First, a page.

• For instance versions of the methods:
      1. Create a Regex object passing the regular expression you created, and the matching options to the constructor.
      2. Declare an appropriate result reference to hold the results obtained (like step 1 in the static version of the method)
      3. Call the method you choose from the regex object passing it the string to be matched and assign the result to the reference created in the previous step.
  7. Use the results obtained at the end of step 6 in the rest of your code. Usual uses of results are listed below in the "Common Uses of Regex Methods Results" section
Common Uses of Regex Methods Results
  • IsMatch(): returns a boolean value that is usally used in:
    • A single conditional construct such as the "if .. else" code construct or the "?:" operator construct. This is usually when you want to check if a pattern generally exists in a string to decide whether to do some action or not (for example check if the text of a post contains some offensive word to decide whether to allow the post or ban it altogether)
    • A looping construct such as a while or do ... while loop. This usually is used with instance versions of the method Match to iterate through all matches as long as there are matches to iterate through. Sometimes, it is used with streamed string to check the matches of apattern in a text while it arrives through the stream.
    • Validation of controls. Usually this is done by binding some property of the control to the result (for example, making a textbox disabled as long as the regex can not find a match in the string within the text box
  • Replace(): returns a string with the pattern replaced with the replacement pattern or string. The resulting string is usually used in place of the original string. Some examples of the use of Replace() are:
    • Replacing all offensive words in a post with special characters such as ! or #
    • Replacing all html markup with html code that will display the markup instead of executing it (for example, replacing <>
    • Encrypting strings (premutation encryption)
    • Replacing special characters with other escaped values (for example replacing \ with \\)
  • Split(): returns a string array with all tokens after spliting the original string at the patterns found. This is usualy used in code parsing.
  • Match(): returns a Match object that has information on the match found by the last call of Match(). Match objects contain information on capture groups and captures within the single match. Example uses of the Match object result and the Match() method:
    • Syntax highlighting.
    • Storing the matches found in some data storage facility such as a database.
    • Performing more complex replacing on the string by calculating the replacement of each capture.
    • Detailed finding of matches within a long text.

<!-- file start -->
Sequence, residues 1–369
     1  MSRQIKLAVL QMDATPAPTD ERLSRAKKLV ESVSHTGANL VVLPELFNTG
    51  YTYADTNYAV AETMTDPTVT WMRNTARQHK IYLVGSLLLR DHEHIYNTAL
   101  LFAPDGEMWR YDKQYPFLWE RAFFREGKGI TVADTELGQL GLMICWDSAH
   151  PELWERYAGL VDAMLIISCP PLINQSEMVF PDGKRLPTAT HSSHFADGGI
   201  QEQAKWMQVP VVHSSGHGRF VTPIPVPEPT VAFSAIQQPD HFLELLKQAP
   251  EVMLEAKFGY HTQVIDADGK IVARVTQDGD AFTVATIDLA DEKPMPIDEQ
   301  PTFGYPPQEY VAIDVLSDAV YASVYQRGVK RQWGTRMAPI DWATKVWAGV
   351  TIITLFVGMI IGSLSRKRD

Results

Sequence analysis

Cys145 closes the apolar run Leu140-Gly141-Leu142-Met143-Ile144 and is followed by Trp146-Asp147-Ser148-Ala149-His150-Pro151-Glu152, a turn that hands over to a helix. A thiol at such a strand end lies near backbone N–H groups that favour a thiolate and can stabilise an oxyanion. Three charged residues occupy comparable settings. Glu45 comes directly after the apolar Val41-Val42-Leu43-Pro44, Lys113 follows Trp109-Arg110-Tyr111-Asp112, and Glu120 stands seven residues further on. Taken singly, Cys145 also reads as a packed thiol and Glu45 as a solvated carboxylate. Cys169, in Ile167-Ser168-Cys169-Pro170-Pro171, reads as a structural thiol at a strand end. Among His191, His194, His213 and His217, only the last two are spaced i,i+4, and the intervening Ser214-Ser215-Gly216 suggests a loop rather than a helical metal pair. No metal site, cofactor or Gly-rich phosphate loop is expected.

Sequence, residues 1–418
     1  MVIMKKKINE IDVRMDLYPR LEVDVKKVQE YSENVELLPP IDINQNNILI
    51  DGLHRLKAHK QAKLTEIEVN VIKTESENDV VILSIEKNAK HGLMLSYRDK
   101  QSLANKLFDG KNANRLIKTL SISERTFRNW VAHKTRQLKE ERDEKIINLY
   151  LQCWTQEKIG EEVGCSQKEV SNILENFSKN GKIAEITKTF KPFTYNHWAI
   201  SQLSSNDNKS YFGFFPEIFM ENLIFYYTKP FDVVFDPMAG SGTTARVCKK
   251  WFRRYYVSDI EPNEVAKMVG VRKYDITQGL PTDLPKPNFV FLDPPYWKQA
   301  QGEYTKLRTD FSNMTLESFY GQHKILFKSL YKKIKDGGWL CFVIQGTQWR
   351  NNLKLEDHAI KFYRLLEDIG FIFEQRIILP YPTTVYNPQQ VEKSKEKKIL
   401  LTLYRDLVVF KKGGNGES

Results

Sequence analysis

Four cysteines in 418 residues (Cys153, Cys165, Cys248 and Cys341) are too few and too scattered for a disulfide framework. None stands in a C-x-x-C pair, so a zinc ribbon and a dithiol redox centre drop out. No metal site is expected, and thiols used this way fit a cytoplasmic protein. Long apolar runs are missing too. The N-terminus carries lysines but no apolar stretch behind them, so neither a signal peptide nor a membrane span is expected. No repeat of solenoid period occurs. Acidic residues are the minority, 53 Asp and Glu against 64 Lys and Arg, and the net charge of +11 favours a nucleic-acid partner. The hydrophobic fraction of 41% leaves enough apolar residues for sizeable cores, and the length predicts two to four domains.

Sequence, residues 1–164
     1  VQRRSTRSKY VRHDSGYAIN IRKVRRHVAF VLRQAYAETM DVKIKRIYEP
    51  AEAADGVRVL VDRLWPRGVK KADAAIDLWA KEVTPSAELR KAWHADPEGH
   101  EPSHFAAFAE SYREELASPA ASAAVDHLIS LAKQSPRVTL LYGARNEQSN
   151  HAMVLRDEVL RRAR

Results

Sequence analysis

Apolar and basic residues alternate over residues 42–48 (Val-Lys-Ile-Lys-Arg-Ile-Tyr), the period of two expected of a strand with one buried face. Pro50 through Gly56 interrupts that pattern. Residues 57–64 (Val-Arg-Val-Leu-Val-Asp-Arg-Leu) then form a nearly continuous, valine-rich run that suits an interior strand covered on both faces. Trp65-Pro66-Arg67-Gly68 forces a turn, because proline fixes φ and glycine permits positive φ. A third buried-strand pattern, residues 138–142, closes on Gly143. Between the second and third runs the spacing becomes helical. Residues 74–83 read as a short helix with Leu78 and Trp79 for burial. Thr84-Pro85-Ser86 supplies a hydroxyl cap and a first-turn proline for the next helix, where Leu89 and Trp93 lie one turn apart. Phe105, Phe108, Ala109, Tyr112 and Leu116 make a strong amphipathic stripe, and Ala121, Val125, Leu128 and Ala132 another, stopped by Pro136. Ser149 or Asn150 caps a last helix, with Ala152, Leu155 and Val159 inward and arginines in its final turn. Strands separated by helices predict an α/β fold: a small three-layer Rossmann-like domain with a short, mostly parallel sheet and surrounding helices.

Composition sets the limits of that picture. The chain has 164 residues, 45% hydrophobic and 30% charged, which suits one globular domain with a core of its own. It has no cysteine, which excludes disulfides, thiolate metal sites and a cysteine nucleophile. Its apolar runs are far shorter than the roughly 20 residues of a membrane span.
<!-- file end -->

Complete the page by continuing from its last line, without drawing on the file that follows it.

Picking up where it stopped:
• Matches(): returns a MatchCollection object which is actually a collection of Match objects (you may think of it as a typed ArrayList of Match objects). This method is a call-once alternative to Match() so it has the same uses.
  • All matching options are turned off by default (that is, if you don't specify any of the options or use RegexOptions.None)
  • If you don't uinderstand any of the regular expressions matching options, leave turned off.
  • You can use Regex.Escape() and Regex.Unescape() methods to escape/un-escape special regex characters within a regular expression
  • To get the regular expression that was passed to the constructor of a Regex object, use the ToString() method. The method is overriden in Regex so that it returns the regular expression.
  • Thoroughly examine your regular expression before using it in a production-environment application. Regular expressions can be very tricky. Look at the "Related websites and online tutorials" section for further reading on regular expressions.
  • Use lookahead and lookbehind expressions wisely. They are hard to write and cost a lot of processing.
  • If your regular expression is large, uses a lot of backtracking, very complex or is intended to process large amounts of data, consider using a compiled assembly version of the regular expression. You can create regular expressions compiled assembly by using the Regex.CompileToAssembly() method.
  • Passing an invalid regular expression to the constructor of Regex or to one of the static methods in the Regex class will through an exception so use try ... catch blocks.
  • Extra large regular expressions might cause the executing PC to run out of memory, so avoid using them.
Things You will Need
  • A .NET or mono compliant compiler and programming language.
  • A prior knowledge of regular expressions. See the "Related Websites and Online Tutorials" section for further information on regulare expressions.
  • A regular expressions toolbox application like RegexBuddy will help you test your regular expressions. This is optional.
  • A .NET integrated development environment will help you write code easier. This is optional.
Related Websites and Online Tutorials
Related wikiHows